, 219 (293 SE2d 372
), revd. on other grounds, MARTA v. Dendy, 250 Ga. 538 (299 SE2d 876)
. None of these dire circumstances appears in this case. Therefore, 70-207 (c) is inapplicable, and appellant's failure to voice an objection to the charges at trial prohibits consideration of any enumeration of error based on the jury instructions. Code Ann. 70-207 (a).
5. Inasmuch as there was evidence from which the jury could conclude that appellant had made false representations concerning the existence of the option to purchase, awards of attorney fees to Benson and Pappas were authorized. Code Ann. 20-1404 (OCGA 13-6-11
); Bankers Health &c. Ins. Co. v. Plumer, 67 Ga. App. 720
, 726 (21 SE2d 515
6. Appellant contends that the trial court erroneously permitted testimony regarding compromise, in contravention of Code Ann. 38-408 (OCGA 24-3-37
). The testimony to which appellant objected concerned monetary offers made by appellant to Benson after appellant became aware of Pappas' desire to exercise the option to purchase and realized that Pappas had a contractual right to do so.
"There is a distinction between an offer or proposition to compromise a doubtful or disputed claim, and an offer to settle upon certain terms a claim that is unquestioned. An admission made in an offer of the latter character will be admissible when one made in an offer of the former character will not." Teasley v. Bradley, 110 Ga. 497, 507 (35 SE 782). Mr. Mansell's offers to Benson were in the nature of settlement, not compromise, and 38-408 does not prevent such testimony.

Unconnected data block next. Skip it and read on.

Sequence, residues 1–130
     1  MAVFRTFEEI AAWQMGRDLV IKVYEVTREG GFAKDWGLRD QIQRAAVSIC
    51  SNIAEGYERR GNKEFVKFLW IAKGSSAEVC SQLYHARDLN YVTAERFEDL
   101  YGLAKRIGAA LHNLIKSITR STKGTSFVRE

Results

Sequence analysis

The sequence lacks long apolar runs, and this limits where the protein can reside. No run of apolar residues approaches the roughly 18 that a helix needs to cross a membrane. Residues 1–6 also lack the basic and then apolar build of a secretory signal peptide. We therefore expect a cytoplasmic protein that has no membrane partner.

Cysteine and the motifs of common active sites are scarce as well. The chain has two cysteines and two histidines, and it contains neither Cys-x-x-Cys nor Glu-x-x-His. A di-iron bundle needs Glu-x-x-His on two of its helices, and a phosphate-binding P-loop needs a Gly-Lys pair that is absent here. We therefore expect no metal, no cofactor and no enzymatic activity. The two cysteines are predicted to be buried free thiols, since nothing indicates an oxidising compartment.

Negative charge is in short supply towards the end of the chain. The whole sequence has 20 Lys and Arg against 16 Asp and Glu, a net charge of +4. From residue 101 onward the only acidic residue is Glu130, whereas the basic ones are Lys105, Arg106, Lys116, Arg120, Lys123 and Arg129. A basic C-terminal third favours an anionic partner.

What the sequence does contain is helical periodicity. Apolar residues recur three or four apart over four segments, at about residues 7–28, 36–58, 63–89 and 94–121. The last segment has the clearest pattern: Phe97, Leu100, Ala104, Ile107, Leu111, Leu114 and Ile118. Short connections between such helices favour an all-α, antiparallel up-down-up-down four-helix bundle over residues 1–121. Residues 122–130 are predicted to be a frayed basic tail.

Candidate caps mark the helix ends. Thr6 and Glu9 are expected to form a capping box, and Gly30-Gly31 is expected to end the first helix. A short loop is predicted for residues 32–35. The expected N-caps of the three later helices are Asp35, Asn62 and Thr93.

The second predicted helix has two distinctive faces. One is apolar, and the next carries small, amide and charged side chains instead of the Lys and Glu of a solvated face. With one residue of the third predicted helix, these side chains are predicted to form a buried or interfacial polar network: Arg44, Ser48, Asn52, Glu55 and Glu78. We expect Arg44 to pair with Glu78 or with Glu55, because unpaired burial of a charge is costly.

7. Appellant maintains that the jury awarded an excessive amount of substantive damages to Benson. Since the amount of damages awarded was less than the difference between what Benson paid Mansell for the property and what Benson received from Pappas from the same property, the jury's award was proper.
8. In his final enumeration of error, appellant maintains that his attorney's closing argument exhausted only one of the two hours to which he was statutorily entitled (see Code Ann. 81-1007 (OCGA 9-10-180
)), and that the trial court's refusal to grant counsel additional time for rebuttal argument was reversible error. In its response to appellant's request, the trial court stated that the arguments had occurred precisely as had been agreed upon by the parties in a pre-trial conference where no objection had been made. Furthermore, we note that 81-1007 provides for two hours of argument per side, not per party. As Benson's co-defendant in the trial court, appellant was required to share the allotted time with counsel for Benson. The enumeration is meritless.
9. We do not find this appeal to be so lacking in merit as to warrant the conclusion that it was taken up for delay only. Accordingly, appellee's motion for damages pursuant to Code Ann. 6-1801 (OCGA 5-6-6
) is denied.
CARLEY, Judge, concurring specially.